If there was one driver who had a stellar 1955, it had to be Bob Sweikert. Sweikert had dominated the second half of the 1955 500 en route to picking up the big win. He had won a few other races on the Champ Car circuit that year, and ultimately went on to win the final AAA national championship. To add to that, Sweikert had ALSO captured the 1955 Midwest Sprint Car championship. To say 1955 had been an excellent year for the ex-Marine would be an understatement. However, in '56, Sweikert would not be returning to the John Zink team he had won the '55 500 with-disagreements had caused him to part ways with the team. Instead, he would be driving the #1 D-A Lubricants Special. Troy Ruttman took his place on the Zink team. They brought a second car for the '56 500 as well-chief mechanic A. J. Watson had master-minded a new, sleeker, more aerodynamic roadster, #8. Journeyman driver Pat Flaherty, who had two top 10s in three Indy appearances, was named the driver of the new car. They were all expected to be factors for the victory.

There were plenty of other cars thought to be contenders as well. Veteran Paul Russo, one of only two drivers entered in the race who had competed in the 500 before WWII, was the pilot of one of the two Novis for '56, and at the helm of the powerful machine, he set speeds in practice that threatened to shatter the track record. Sam Hanks, the other driver entered who had competed in the race before WWII, was entered in the Jones & Maley Special, and hoped to improve upon his Indy best of 3rd in '52 and '53. Don Freeland returned in the Bob Estes Special, and looked to make up for his disappointing end to '55 when his transmission gave out in the closing stages while he was in second place. Pat O'Connor was beginning to come into his own on the Champ Car circuit, and hoped to take the #7 Ansted Rotary Special to victory lane. And Jim Rathmann would be the pilot of the Lindsey Hopkins Special for '56, driving for the team that the late Bill Vukovich had been driving for the previous year. '56 certainly looked to be a very competitive year...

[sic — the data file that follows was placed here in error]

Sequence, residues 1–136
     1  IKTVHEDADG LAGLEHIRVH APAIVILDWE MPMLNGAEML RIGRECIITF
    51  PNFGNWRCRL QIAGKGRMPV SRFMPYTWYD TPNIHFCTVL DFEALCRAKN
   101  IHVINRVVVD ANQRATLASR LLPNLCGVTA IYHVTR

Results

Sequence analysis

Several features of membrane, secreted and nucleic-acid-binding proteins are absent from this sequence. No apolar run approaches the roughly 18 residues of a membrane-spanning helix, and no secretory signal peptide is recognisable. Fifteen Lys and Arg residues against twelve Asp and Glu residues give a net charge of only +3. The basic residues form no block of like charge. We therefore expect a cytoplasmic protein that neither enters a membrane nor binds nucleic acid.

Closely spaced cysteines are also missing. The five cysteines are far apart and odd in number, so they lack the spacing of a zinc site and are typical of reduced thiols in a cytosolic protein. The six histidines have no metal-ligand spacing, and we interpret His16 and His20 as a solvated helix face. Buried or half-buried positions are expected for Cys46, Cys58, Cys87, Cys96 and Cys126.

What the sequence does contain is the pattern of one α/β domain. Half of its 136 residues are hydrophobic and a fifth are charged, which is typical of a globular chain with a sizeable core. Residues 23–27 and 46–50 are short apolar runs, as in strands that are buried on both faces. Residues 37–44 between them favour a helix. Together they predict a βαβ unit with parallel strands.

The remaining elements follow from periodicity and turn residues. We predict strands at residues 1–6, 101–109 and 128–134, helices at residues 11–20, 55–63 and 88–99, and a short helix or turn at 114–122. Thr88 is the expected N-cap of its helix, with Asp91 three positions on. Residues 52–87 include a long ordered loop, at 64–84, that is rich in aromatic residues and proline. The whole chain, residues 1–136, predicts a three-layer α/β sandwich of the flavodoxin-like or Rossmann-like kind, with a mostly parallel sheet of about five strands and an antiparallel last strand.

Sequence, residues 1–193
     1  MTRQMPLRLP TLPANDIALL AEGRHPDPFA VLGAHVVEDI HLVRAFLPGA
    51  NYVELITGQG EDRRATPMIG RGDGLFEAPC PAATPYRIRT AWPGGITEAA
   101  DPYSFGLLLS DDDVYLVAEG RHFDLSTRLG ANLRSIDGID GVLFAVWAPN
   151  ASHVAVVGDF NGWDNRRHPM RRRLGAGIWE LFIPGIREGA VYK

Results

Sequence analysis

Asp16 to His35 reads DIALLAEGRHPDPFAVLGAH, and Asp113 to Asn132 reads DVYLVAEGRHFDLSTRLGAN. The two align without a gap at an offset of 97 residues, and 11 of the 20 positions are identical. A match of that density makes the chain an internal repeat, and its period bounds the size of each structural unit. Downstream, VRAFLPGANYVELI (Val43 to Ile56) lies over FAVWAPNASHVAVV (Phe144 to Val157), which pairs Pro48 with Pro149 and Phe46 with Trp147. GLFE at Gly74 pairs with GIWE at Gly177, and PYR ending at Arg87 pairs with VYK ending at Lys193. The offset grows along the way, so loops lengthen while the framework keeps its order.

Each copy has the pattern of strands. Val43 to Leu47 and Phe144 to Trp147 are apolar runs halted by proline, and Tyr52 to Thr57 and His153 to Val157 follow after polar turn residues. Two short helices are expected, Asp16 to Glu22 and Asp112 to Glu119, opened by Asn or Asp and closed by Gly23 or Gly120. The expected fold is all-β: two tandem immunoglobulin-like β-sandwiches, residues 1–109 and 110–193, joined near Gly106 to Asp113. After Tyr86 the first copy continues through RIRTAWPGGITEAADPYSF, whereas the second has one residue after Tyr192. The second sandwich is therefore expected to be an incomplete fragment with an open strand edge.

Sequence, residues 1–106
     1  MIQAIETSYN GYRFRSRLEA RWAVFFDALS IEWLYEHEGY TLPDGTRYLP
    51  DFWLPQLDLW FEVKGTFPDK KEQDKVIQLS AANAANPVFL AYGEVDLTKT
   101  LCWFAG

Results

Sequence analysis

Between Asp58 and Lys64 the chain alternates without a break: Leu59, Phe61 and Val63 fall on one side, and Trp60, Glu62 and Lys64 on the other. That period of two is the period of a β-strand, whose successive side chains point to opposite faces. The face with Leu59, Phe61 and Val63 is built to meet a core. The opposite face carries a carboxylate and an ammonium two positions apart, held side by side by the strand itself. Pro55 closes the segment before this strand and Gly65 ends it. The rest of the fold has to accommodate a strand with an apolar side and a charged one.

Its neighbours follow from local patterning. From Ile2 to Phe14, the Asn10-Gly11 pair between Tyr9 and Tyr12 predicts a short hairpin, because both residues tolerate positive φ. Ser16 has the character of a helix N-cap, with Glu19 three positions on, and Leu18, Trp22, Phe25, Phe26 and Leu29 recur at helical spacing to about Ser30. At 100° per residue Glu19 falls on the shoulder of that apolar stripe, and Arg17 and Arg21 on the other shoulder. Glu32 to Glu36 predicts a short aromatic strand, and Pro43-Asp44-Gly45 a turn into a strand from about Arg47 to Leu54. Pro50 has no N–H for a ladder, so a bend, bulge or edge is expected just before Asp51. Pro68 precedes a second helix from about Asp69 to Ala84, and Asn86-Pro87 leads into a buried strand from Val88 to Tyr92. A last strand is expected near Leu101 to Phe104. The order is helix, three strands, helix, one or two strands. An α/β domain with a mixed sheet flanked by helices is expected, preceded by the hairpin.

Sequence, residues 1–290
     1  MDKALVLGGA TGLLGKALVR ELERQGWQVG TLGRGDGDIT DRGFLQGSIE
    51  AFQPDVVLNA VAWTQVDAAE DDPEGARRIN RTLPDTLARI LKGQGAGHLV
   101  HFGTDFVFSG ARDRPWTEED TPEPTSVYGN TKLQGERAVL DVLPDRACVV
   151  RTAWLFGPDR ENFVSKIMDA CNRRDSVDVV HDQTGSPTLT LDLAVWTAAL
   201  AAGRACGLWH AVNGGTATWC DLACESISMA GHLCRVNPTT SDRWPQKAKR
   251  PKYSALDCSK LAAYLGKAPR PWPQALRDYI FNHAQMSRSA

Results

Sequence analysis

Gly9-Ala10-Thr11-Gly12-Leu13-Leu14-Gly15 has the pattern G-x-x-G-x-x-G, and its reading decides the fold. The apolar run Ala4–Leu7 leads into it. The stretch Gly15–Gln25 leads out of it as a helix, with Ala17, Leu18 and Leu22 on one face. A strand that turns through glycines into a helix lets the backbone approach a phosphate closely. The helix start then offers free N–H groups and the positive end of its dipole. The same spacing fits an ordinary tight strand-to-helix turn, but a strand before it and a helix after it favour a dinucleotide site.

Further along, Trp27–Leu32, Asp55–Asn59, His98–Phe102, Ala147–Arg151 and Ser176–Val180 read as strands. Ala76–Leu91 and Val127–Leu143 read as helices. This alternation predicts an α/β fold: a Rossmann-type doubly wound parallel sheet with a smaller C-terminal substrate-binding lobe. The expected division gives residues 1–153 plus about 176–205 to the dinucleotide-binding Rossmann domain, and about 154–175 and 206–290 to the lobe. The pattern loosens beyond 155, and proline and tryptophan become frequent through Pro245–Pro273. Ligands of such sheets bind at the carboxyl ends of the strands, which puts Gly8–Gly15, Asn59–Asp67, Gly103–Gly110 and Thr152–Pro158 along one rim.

With more than 60 drivers on the entry list for the 1956 Indy 500, nearly 30 drivers wound up on the sidelines for the race. Giuseppe "Nino" Farina, the inaugural Formula 1 champion, entered the race this year in an experimental new Bardahl-Ferrari, but was unable to make the field. His DNQ meant that, once again, the 500 field would be comprised entirely of Americans. Jimmy Davies piloted the second Novi, but was also unsuccessful at making the field. Chuck Weyant crashed in practice and suffered an arm injury, and was unable to make a qualifying attempt. Len Sutton, a future winner and front-runner on the Champ Car circuit, failed to qualify in his first Indy attempt. Eddie Sachs, in his third Indy attempt, just barely missed out on making the field. Other notable DNQs included Dempsey Wilson and Bill Cheesbourg, a pair of newcomers who would be regulars at Indy well into the late '60s; Marshall Teague, the NASCAR veteran; Eddie Russo, Paul's nephew; Marvin Pifer, a Jeep dealership owner from Michigan; Leonard "Gig" Stephens, a newcomer from Massachusetts who would periodically enter the 500 over the next decade but continually fail to make the race; Shorty Templeman, the Colorado midget car standout; Jay Abney, a talented motorcycle racer; and for the sixth year in a row, the luckless Indiana native Leroy Warriner.